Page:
Conservatives are told over and over again that weather doesn’t equal climate.
Whenever there are record cold temperatures and someone cracks wise about global warming on Twitter, they’re excoriated by pretty much everyone with that liberal blue wave emoji next to their Twitter name.
After all, as the blue wave brigade says, one weather event doesn’t disprove the idea that the climate — the overall sum of all weather events throughout the globe, as well as how it changes — is warming.
This is actually a fair argument; there are other ways to talk about “climate change” that don’t involve singular weather events, which don’t prove much.
However, if singular weather events don’t disprove climate change, they don’t prove it either.
Someone should tell this to the author of the Green New Deal.
In a tweet on Tuesday, Democratic Rep. Alexandria Ocasio-Cortez used Hurricane Dorian as proof that not only is climate change making hurricanes stronger, but also that climate change hits “vulnerable communities first.”
This is what climate change looks like: it hits vulnerable communities first.
I can already hear climate deniers screeching: “It’s always been like this! You’re dim,” etc.
No. This is about science & leadership. We either decarbonize&cut emissions, or we don’t & let people die. https://t.co/paUHKAp03e
— Alexandria Ocasio-Cortez (@AOC) September 3, 2019
“This is what climate change looks like: it hits vulnerable communities first,” she wrote.
“I can already hear climate deniers screeching: ‘It’s always been like this! You’re dim,’ etc.
“No. This is about science & leadership. We either decarbonize&cut emissions, or we don’t & let people die,” she concluded.
Ah yes. The old “people-will-die” canard. That can be used in any argument — and unfortunately is with great frequency these days, at least when it comes to the left.
I’ve always found it interesting that the left likes talking about strengthening or more frequent hurricanes as evidence of climate change. That’s because it’s not just those wacky climate deniers who say there’s not enough evidence for it.
The National Oceanic and Atmospheric Administration also says the same thing.
A NOAA report on the matter, last revised in August, says that current data on the matter is “not reliable for trend calculations, until they have been further assessed for data homogeneity problems, such as those due to changing observing practices.”
“In the Atlantic, it is premature to conclude that human activities — and particularly greenhouse gas emissions that cause global warming — have already had a detectable impact on Atlantic hurricane or global tropical cyclone activity,” the report states.
While the NOAA says that Atlantic storms “show a pronounced upward trend” over the period from 1876 to present, it notes that much of the modeling from before the days of satellites and radar relied on reports from shipping traffic.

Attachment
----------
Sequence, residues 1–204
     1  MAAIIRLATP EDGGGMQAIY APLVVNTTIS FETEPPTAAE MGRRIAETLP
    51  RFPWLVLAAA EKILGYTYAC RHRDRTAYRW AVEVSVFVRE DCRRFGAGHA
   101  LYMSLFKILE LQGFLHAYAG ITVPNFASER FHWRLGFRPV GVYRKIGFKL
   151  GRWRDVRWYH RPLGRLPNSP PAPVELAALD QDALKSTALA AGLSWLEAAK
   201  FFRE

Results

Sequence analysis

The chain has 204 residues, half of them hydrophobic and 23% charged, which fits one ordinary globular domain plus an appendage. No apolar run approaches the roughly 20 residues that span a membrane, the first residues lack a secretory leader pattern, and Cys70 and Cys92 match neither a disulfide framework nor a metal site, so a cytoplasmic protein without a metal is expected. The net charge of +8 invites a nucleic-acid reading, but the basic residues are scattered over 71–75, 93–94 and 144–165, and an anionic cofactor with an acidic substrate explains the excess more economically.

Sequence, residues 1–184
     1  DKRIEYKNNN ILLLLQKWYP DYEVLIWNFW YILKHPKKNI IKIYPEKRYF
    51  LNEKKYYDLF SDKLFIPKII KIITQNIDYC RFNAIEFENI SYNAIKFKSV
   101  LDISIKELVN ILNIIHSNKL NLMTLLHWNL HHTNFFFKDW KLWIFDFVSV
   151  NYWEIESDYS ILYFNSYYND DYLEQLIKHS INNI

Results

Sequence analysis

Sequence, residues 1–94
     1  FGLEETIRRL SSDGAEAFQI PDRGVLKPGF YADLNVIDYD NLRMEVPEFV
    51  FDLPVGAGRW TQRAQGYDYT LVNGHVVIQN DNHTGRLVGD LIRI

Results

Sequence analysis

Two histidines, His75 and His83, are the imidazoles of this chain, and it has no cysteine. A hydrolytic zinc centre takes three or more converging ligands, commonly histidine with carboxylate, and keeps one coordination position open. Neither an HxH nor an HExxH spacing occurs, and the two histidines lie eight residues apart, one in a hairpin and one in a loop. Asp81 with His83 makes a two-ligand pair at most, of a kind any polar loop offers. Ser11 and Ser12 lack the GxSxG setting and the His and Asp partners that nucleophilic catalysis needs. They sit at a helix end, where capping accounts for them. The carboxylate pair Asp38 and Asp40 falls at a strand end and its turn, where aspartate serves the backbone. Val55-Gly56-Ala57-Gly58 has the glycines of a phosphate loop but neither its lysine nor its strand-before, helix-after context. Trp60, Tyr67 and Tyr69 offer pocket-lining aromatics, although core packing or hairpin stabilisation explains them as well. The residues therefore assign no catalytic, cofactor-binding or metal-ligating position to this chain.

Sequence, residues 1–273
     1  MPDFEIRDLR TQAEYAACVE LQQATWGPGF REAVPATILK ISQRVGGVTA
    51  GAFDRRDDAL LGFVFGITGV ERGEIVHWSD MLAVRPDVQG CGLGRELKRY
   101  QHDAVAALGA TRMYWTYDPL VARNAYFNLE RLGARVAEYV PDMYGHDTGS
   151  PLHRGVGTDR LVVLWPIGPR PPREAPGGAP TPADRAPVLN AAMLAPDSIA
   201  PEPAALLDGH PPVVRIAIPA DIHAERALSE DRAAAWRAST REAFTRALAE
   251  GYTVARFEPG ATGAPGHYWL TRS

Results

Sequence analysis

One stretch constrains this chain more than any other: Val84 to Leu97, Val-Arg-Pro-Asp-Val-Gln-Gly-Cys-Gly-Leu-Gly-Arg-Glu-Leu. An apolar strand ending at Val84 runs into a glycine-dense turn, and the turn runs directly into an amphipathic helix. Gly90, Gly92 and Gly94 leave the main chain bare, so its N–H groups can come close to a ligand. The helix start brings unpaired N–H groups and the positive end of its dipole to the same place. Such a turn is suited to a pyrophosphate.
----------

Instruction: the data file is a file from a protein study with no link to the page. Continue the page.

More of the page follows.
“However, the density of reporting ship traffic over the Atlantic was relatively sparse during the early decades of this record, such that if storms from the modern era (post 1965) had hypothetically occurred during those earlier decades, a substantial number of storms would likely not have been directly observed by the ship-based ‘observing network of opportunity,'” the NOAA’s report reads.
“We find that, after adjusting for such an estimated number of missing storms, there remains just a small nominally positive upward trend in tropical storm occurrence from 1878-2006. Statistical tests indicate that this trend is not significantly distinguishable from zero.
“In addition, Landsea et al. (2010) note that the rising trend in Atlantic tropical storm counts is almost entirely due to increases in short-duration (<2 day) storms alone. Such short-lived storms were particularly likely to have been overlooked in the earlier parts of the record, as they would have had less opportunity for chance encounters with ship traffic,” they note.
As for the fact that Dorian struck the “vulnerable” Bahamas, that’s indeed a tragedy. But had it struck the wealthier parts of Florida — like Palm Beach, which was within the “cone of uncertainty” — would that have made it better?
If you’re a former prime minister of Canada, maybe. Most people would say no, even though the Bahamas may have fewer resources to deal with the tragedy than Florida would have.
But that’s not what AOC would say. Climate change causes more powerful hurricanes and apparently goes directly for vulnerable communities. (Remember, she didn’t say it hit those communities hardest, merely that it hit them first. Apparently hurricanes and climate change both have agency.) There’s little evidence for the first proposition. As for the second, it’s prima facie absurd.
Remember, this is the congresswoman who wants to remake the U.S. economy — indeed, its whole society — in the name of fighting climate change.
The Green New Deal may not be a major threat to us anymore, given it’s stalled in Congress and is unlikely to get through no matter what happens in 2020.
That being said, what is a threat is that someone so ignorant is one of the most influential Democrats in the entire House caucus.
She’s not the only person you’re going to see making the connection between climate change and hurricanes, mind you, especially since Hurricane Dorian is trending on social media and it’s a good way to get some retweets.
If this is what “science & leadership” looks like on the other side of the aisle, God help us.
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